On July 18, the National Coalition for History (NCH) submitted a letter to the US Department of Education requesting that History and Civic Education be included as priorities in determining to where to focus Federal financial assistance through the agency’s discretionary grant programs. Click here to view NCH’s letter.
PLEASE NOTE: The July 24 deadline to submit comments to the Department of Education on this proposal has passed and the docket is closed.
In 2010, the US Department of Education published a list of supplemental priorities and definitions to be used in awarding discretionary (competitive) grants made by the Department. The Department is now proposing to repeal the 2010 priorities and definitions and replace them with new priorities.
To see the draft proposal go to: https://www.regulations.gov/#!documentDetail;D=ED-2013-OII-0146-0001
Not surprisingly, Science, Technology, Engineering and Mathematics (STEM) education is listed as a priority area for funding. However, History and Civic Education are nowhere mentioned in the list of the Department of Education’s priorities.
The National Coalition for History’s letter recommends that the following priorities be included in the Secretary’s proposal:
1. Establish a separate Priority Area for History and Civic Learning similar to proposed Priority Seven for STEM;
2. Fund innovative history and civic learning projects that target under-served school populations (as outlined in HR1802, the “Sandra Day O’Connor Civic Learning Act of 2013”) ;
3. Support history/civic learning teacher professional development models that are replicable;
4. Implement history/civic learning projects that employ new technologies;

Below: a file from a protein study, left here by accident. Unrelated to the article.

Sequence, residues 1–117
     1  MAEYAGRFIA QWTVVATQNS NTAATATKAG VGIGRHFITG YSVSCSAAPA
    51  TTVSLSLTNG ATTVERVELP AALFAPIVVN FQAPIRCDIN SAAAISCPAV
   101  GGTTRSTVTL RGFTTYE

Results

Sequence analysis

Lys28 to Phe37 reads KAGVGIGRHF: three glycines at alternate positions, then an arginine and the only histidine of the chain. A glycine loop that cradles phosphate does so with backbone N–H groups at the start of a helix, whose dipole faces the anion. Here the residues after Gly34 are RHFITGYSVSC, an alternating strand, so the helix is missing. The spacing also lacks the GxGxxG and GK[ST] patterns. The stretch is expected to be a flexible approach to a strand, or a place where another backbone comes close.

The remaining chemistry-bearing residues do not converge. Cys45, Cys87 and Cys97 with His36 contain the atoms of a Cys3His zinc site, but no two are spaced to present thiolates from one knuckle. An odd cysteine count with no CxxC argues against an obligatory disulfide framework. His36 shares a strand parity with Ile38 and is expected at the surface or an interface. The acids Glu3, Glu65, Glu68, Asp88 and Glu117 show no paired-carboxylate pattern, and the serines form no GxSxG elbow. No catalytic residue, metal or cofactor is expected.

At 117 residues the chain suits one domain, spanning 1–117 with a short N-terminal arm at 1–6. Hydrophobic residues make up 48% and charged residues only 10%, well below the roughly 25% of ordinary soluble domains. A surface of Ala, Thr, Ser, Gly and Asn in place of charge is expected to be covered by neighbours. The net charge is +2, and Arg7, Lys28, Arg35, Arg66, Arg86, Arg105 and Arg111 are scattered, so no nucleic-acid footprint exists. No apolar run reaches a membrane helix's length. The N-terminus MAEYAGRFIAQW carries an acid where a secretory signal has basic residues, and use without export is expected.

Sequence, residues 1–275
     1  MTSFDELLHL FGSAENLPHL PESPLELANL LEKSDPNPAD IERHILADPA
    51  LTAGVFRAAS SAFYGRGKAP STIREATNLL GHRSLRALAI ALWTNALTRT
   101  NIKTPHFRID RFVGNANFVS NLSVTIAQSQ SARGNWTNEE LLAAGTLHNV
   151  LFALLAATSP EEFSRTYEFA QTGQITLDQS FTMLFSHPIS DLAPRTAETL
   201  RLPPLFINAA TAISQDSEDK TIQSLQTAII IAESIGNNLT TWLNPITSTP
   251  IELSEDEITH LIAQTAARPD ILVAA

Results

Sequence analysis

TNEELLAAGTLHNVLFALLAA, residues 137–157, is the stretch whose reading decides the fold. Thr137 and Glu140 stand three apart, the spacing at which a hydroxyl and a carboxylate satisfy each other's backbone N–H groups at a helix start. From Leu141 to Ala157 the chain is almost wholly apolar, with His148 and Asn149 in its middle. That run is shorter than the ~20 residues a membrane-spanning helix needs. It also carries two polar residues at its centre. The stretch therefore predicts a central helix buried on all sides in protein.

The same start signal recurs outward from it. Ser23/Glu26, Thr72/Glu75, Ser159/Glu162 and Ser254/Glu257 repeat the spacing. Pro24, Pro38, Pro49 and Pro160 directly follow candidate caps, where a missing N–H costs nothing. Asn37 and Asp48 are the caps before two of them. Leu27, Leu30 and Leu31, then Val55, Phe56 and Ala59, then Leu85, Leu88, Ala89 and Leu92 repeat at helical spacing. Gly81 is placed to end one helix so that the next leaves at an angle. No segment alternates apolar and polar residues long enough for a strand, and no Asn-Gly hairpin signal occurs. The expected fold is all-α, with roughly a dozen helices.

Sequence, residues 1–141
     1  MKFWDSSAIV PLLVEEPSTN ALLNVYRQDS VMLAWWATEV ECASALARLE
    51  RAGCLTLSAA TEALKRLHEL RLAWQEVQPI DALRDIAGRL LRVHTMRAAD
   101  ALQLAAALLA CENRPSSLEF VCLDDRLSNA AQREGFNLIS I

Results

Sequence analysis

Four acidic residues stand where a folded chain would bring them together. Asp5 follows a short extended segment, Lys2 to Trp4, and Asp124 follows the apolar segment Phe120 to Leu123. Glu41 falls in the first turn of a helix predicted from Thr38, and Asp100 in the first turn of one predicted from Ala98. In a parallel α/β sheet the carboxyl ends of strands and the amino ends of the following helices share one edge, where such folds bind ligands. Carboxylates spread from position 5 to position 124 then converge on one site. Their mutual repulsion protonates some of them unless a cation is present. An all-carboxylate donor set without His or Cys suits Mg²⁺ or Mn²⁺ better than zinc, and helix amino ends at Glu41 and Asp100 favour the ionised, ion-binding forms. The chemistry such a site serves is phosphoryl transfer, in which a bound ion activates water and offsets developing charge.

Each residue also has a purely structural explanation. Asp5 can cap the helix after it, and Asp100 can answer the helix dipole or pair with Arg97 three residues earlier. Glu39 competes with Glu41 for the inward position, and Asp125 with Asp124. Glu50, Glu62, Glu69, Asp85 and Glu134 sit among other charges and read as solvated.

5. Fund projects that encourage school – community partnerships and thus enhance students’ civic knowledge and skills;
6. Encourage states to develop fewer, clearer, and higher standards of learning in the social studies.
NCH strongly urges its member organizations and interested parties to submit comments to the Department of Education stressing the importance of History and Civic Education in providing our nation’s K-12 students with a well-rounded education. While NCH’s letter can be used as a template, it is important that you use your own words and perspectives to make the case for history and civics.
In fact, the agency advises commenters to:
“Identify credentials and experience that may distinguish your comments from others. If you are commenting in an area in which you have relevant personal or professional experience say so.” We don’t get credit for the volume of comments we generate. Rather, “A single, well-supported comment may carry more weight than a thousand form letters.”
The comment deadline is July 24. Please submit your comments through the Regulations.gov website at: https://www.regulations.gov/#!documentDetail;D=ED-2013-OII-0146-0001